That leaves James Madison, who won a share of last year’s regular season title. The Dukes have the league’s best pure point guard on their roster in 6-foot-4 Ron Curry. Curry averaged 13.9 points and 4.3 assists as a junior and was the catalyst in a number of important wins. Matt Brady also has the best big man in the conference in 6-foot-9 Yohanny Dalembert. Throw in a pair of snipers on the wings and a handful of quality role players, and JMU has a real shot at winning again.

The key for this group is going to be team chemistry. In 2014-15, their season turned when they dismissed Andre Nation, arguably the most talented player on the roster, in December.

Northeastern, William & Mary and UNC Wilmington all lose critical pieces off of last year’s roster.

Northeastern will be without big man Scott Eatherton, a key piece in their near-upset of Notre Dame in the opening round of last year’s NCAA tournament, but they bring back four key seniors from last year, including Quincy Ford and David Walker. They’ll be in the mix down the stretch despite Eatherton’s graduation, but the same cannot be said for William & Mary.

The Tribe run a Princeton-esque offensive system, and they run it well, which should help them overcome the loss of Marcus Thornton, one of the most dynamic guards in all of college basketball last season. They also return a promising wing in Omar Prewitt, but there are some real concerns. Can Prewitt handle facing an opponent’s best defender on a nightly basis? And without Thornton, do they have someone they can turn to if their offense breaks down?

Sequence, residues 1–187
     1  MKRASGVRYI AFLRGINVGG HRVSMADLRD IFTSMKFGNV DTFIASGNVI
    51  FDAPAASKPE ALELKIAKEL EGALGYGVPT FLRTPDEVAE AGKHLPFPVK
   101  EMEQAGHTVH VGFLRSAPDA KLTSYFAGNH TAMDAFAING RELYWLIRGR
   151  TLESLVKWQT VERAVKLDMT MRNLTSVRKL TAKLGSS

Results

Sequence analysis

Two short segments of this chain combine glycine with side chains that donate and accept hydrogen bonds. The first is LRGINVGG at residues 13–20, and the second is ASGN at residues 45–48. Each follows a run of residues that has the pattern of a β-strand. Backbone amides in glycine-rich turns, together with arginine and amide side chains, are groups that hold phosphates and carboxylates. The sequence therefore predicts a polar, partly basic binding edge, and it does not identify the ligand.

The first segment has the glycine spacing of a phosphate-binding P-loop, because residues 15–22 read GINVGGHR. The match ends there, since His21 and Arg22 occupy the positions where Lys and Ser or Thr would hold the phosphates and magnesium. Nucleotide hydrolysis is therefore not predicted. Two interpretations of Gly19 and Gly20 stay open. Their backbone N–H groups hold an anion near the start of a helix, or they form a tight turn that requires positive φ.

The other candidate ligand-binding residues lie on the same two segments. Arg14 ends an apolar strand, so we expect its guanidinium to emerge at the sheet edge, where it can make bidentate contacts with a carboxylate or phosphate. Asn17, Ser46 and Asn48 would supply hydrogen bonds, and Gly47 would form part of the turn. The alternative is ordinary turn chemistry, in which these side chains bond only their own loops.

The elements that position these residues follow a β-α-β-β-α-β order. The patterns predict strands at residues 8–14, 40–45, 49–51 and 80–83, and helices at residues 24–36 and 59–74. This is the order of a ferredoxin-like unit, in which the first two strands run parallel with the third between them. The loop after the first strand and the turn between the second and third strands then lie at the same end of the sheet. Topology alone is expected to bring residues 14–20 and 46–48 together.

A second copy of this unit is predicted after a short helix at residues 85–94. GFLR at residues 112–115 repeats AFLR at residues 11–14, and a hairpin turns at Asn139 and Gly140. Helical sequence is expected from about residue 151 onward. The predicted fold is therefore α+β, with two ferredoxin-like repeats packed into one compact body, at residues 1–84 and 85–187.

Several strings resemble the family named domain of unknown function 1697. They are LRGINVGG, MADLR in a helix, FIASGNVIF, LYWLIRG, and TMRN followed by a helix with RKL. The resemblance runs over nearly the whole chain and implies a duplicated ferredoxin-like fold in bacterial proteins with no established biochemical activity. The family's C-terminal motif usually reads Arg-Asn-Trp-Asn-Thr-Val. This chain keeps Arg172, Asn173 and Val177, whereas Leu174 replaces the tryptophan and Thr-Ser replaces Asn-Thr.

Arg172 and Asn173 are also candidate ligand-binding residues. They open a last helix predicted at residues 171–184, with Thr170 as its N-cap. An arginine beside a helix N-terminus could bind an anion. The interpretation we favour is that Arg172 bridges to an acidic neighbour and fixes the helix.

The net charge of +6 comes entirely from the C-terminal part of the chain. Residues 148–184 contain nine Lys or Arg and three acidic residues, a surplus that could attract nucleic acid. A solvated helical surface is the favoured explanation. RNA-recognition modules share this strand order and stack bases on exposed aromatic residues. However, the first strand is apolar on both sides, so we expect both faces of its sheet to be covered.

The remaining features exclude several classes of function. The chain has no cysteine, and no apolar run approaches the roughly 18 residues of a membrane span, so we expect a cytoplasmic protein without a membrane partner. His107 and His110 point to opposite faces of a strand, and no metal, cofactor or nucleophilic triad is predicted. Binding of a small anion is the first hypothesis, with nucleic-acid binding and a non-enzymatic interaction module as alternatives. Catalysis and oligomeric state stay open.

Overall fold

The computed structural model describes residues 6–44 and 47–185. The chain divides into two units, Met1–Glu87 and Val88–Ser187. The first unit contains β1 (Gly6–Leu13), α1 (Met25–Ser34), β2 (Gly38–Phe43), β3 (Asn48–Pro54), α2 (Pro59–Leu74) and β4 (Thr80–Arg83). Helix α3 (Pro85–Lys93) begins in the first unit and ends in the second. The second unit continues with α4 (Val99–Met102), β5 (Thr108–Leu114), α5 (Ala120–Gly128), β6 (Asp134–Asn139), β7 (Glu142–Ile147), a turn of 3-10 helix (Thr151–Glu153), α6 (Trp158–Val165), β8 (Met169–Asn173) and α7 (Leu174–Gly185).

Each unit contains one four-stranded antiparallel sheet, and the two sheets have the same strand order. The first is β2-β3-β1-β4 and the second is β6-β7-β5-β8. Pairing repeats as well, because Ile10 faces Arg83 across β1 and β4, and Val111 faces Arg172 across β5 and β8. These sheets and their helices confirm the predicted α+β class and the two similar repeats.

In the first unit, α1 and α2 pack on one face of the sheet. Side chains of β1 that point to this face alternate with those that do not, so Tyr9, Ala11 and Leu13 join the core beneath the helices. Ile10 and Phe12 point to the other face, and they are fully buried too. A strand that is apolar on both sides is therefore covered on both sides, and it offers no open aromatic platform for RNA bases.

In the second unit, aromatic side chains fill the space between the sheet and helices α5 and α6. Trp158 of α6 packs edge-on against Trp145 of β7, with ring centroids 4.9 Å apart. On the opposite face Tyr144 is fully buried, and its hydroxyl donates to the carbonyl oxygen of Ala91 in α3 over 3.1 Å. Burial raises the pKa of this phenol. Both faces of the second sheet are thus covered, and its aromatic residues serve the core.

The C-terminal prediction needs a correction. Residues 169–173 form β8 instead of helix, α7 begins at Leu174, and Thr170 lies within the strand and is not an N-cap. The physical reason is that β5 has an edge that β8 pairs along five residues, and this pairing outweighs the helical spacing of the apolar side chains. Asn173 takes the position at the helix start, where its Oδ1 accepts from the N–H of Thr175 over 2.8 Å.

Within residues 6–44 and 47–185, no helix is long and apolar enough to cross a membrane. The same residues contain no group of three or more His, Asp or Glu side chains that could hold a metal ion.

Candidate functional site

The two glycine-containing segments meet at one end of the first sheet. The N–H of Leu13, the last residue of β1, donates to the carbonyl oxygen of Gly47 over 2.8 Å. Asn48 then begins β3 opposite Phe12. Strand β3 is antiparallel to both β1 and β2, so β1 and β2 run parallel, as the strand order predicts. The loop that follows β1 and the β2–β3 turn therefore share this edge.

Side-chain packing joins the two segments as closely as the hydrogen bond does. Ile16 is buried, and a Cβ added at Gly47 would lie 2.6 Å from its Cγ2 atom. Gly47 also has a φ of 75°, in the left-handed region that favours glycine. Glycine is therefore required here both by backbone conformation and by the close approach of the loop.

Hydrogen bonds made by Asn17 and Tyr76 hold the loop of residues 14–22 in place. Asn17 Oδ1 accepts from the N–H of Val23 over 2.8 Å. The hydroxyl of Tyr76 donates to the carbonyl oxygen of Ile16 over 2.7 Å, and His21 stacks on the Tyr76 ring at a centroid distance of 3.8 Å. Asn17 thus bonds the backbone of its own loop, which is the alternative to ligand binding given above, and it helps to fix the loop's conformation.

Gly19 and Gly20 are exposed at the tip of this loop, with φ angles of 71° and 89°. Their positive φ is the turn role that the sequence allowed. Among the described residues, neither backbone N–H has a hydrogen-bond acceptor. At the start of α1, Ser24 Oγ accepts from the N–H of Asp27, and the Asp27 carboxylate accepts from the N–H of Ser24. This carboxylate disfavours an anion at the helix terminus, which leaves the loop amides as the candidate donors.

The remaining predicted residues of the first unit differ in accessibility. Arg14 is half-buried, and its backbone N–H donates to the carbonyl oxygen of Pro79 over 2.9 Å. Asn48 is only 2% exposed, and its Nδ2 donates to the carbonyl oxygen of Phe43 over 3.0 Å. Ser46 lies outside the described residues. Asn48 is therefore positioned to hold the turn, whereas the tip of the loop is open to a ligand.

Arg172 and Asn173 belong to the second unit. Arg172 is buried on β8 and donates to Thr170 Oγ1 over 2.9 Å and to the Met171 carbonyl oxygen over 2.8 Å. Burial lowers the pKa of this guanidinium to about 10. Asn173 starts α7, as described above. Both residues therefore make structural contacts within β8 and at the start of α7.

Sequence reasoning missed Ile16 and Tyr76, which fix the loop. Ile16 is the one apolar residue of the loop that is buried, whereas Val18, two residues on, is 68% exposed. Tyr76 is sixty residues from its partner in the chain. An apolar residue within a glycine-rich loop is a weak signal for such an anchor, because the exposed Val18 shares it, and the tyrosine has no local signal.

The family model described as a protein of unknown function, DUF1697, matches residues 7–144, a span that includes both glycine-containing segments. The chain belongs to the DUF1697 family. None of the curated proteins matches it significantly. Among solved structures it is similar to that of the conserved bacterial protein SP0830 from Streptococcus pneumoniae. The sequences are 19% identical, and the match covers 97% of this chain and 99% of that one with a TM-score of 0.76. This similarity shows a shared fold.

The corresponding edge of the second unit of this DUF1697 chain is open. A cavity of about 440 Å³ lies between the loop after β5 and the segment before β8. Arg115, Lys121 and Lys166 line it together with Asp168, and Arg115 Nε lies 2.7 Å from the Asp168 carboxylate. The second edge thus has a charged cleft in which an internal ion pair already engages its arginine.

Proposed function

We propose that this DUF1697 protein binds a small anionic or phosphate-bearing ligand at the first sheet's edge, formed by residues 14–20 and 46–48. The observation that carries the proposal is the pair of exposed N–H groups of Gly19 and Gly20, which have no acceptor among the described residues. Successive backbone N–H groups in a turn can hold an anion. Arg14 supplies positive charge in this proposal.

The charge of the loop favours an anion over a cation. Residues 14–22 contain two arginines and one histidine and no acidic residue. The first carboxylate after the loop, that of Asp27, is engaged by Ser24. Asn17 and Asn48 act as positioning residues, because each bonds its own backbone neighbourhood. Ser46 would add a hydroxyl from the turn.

UNCW loses their two leading scorers and three of their top five players. Kevin Keatts is a terrific coach, but the Seahawks look primed to take a small step back this season. As will Drexel, who lost Damion Lee as a graduate transfer to Louisville.

There are two teams to keep an eye on in the middle of the league: Delaware and Towson. The Blue Hens were dreadfully inexperienced last season and dealing with a coaching staff that was left in contract limbo. They still managed to finish 9-9 in the league, returning the league’s two best freshmen in Kory Holden and Chivarsky Corbett. They’re probably a year away from truly being a contender.

Towson lost leading scorer Four McGlynn, but John Davis and Byron Hawkins both return while Wake Forest transfer Arnaud William Adala Moto will be eligible this year.